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My recent post proclaimed in substance my faith on Perl6 macros as a device to cast in syntax common programmatic patterns which were not integrated in Perl6 standard syntax. It makes sense because a programmatic pattern may be common in some context but not worthwhile to capture in the standard language. It can also be a way to experiment syntactical devices that can eventually find their way in Perl6 standard syntax.

I was pointed to this artima weblog by a (not yet archived) post in ll1. It says that macro is one of the devices that distinguish LFSPs (Languages For Smart People) and LFMs (Languages for the masse) and goes to analyse their implications.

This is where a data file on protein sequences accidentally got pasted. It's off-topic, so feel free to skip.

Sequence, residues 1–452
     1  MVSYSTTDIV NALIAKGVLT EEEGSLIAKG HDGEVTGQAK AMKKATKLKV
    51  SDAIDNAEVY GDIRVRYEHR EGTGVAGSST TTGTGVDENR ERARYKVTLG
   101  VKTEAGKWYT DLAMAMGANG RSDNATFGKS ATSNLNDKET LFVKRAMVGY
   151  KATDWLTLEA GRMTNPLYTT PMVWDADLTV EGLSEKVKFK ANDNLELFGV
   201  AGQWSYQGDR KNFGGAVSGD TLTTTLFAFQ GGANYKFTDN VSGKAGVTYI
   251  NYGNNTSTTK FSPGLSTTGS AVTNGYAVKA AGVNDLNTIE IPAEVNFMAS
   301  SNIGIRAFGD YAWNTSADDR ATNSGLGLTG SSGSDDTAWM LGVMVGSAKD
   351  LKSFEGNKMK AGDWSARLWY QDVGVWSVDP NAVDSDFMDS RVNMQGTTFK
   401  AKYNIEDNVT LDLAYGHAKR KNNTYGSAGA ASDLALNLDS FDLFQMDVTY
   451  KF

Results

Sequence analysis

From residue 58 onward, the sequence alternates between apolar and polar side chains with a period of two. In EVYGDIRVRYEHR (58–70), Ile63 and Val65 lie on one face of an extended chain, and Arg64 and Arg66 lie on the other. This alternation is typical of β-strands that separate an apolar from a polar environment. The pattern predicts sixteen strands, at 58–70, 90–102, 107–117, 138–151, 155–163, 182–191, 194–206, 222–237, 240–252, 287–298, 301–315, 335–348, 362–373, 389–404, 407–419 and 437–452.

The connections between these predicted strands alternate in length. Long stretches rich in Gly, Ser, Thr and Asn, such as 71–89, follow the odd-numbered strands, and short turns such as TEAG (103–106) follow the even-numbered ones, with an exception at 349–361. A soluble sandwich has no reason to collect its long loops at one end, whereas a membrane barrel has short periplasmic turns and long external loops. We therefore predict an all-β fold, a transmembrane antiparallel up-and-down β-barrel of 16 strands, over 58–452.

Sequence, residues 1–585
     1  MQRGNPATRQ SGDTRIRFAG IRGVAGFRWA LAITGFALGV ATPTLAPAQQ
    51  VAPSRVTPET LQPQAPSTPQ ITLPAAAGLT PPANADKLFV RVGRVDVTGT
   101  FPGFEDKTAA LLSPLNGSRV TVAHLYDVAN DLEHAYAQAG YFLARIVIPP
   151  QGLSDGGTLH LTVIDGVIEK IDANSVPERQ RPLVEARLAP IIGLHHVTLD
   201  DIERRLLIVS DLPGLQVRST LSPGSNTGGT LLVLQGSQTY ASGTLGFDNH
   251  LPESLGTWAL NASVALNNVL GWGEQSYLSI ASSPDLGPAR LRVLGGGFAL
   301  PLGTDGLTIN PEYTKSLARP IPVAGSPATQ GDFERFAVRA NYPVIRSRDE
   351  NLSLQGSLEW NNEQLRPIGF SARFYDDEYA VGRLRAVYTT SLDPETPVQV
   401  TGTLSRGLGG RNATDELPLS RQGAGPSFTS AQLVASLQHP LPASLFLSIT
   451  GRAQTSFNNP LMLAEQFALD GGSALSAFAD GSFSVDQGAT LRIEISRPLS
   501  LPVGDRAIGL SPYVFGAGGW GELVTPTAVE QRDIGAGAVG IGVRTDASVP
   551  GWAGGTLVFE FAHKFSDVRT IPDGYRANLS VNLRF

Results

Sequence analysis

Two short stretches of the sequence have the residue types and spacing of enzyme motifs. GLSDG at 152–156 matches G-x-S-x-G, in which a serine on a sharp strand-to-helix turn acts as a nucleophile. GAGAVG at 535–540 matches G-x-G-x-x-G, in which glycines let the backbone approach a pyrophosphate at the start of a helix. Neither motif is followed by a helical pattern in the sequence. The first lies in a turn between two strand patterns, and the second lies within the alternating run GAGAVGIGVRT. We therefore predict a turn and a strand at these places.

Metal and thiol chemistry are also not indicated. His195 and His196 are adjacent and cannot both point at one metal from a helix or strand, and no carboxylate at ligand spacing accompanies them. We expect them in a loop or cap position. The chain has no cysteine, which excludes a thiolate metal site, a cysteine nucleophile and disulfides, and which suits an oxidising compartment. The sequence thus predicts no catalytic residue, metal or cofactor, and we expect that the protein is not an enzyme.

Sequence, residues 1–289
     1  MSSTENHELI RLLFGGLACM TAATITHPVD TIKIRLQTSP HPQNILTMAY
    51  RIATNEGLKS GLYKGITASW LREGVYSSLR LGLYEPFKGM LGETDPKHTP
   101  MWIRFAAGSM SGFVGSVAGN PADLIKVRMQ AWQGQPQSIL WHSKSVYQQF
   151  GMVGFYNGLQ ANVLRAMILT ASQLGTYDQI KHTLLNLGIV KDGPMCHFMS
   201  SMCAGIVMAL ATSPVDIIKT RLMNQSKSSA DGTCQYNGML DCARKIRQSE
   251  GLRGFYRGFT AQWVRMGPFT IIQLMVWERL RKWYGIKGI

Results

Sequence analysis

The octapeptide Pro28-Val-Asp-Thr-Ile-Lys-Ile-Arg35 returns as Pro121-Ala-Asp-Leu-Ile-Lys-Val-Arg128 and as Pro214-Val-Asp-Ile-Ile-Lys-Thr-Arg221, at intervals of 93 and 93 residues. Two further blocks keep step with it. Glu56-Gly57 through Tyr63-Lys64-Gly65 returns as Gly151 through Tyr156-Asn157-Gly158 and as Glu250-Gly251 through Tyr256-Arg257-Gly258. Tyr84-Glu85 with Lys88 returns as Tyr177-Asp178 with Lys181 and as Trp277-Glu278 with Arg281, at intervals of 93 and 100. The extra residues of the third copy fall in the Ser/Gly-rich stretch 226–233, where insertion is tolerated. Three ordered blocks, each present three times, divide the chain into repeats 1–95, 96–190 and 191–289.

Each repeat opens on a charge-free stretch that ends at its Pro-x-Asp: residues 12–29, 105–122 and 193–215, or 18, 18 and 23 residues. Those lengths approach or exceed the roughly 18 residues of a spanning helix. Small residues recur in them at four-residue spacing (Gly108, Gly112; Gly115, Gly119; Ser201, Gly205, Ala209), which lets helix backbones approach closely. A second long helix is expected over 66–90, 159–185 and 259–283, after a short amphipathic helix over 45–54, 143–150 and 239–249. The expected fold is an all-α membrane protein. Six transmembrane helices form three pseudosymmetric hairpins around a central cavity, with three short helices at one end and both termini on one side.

The blog author cites Gilad Bracha who advocates against the introduction of macros in Java because it is a LFM: The advantages of Java is that it easily serves as a lingua franca - everyone can read a Java program and understand what is going on. User defined macros destroy that property.

What do you think?

-- stefp stefp
Come to YAPC::Europe 2003 in Paris, 23-25 July 2003.


In reply to Macros, LFSPs and LFMs by stefp

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